Main compression cylinder

Check this area closely as this is where the power comes from. Firstly the compression cylinder should be a tight and immovable fit on the breech and also tightly screwed into the trigger block, Any play here is not correct and must be investigated. Turn the rifle over and examine the cocking slot for excessive wear. The auxiliary cocking lever should be a good fit in the slot and not too sloppy, or have too much side to side movement. Any model information stamped onto the cylinder should be clear and legible. The cylinder should not have corrosion or deep pitting present, and should have an even colouration or patina present. On 1914 > guns, model details were photo-etched onto cylinders, and these details easily wore off with heavy use or excessive cleaning. If etched details are present and clear, that is a REAL bonus. Only around 10% of these later rifles have these details still clearly visible. The cylinder should have smooth parallel sides, with no bulges.

Trigger block and trigger mechanism

As said above, the cylinder should be a tight fit onto the trigger block. The main reason for a loose fit are loose trigger guard screws. As these screws work loose over time their threads may become damaged or stripped, so pay special attention to these screws. They should be identical and done up tight. Any slackness should be investigated. On some pre-1910 guns there is a large screw through the compression cylinder, also securing the trigger block. If present, this screw should also be tight. Early and late production guns had an adjustable trigger mechanism using a screw through the front of the trigger guard. This screw should have a nut on it, in order to tighten it down against the trigger guard once adjustments had been made, The base of this screw should come into contact with the base of the trigger, and contact should be definite. Later post-WW1 trigger mechanisms had internal adjustment and featured a three hole trigger block. Check all screws and make sure you have both a trigger weight adjustment screw, and its corresponding locking screw on the other side. The other two screws are simply pivot screws for the trigger and sear. All triggers had robust trigger springs present to ensure a strong return trigger action. These springs can break and get lost, so make sure a working trigger spring is present. My advice is to always check correct trigger function and the guns ability to cock by thorough testing. Cock the rifle, then whist still holding onto the cocking lever tight, try the trigger a few times to ensure all is well. Finally if a No12 peep sight is fitted into the trigger block, thoroughly check and test action and free/easy adjustment is satisfactory.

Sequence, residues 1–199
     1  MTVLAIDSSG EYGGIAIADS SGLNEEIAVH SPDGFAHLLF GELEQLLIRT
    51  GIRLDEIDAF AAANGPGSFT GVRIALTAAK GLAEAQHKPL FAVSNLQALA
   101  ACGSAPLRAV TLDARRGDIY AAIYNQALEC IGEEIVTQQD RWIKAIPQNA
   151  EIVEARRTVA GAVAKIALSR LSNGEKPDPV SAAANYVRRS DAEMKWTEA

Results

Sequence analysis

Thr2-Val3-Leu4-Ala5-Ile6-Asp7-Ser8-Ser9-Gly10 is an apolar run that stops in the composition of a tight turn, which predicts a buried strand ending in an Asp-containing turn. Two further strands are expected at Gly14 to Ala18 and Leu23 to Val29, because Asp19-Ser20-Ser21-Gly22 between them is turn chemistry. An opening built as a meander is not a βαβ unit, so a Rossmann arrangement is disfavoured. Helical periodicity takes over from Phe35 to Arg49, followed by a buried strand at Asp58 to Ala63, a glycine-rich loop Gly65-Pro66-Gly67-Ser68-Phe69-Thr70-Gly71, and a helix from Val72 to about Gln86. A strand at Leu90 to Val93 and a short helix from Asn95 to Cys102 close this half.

A walnut stock was fitted to all models, and this should always be tightened down to the trigger block, using the stock bolt that runs through the centre of the stock from back to front. A further locating device takes the form of a small metal peg which protrudes from the inner surface of the trigger block into the stock to prevent the stock turning around the stock bolt. This can sometimes rust badly and the resulting corrosion swells this peg until it splits the wooden stock. Pay attention to this area on the right hand side of the rear of the trigger block closely, and look for any splits or cracks. Another fault in the stock can be from excessive oiling of the outside of the gun, which is then stood upright so the oil runs down the outside of the gun, and soaks into the wood. This is very difficult to put right and severely softens the wood in this area. Deeply oil soaked stocks should be avoided. Chequering was originally hand cut, and can get dirty and in-distinct over time. This can be cleaned out with a toothbrush and a little warm water and detergent, or sugar soap. Later guns have heat impressed chequering and this is a little less pronounced as a result. It can still be cleaned out with a toothbrush etc. Proceed carefully. Look for any stock markings or maker’s marks; these are always a welcome bonus. Stocks should be free from deep cuts or gouges but light dents can often be steamed out with care. Check the butt plate if fitted. It was metal in early guns and was held in place by two large woodscrews. These should of course match. Later guns had a small wooden stock bolt cover held in place by two matching brass screws. Beneath the cover was a blued spring-steel tensioning plate. If you need access to tighten up the stock bolt, be VERY careful removing this cover as they are easily broken, and VERY hard to replace. Blank covers can be bought and are the right shape, but they lack the grooves of the originals, which are very hard to replicate effectively.


Originally posted by Lakey - August 5 2012 at 6:59 PM

Posted : 22nd December 2017 08:30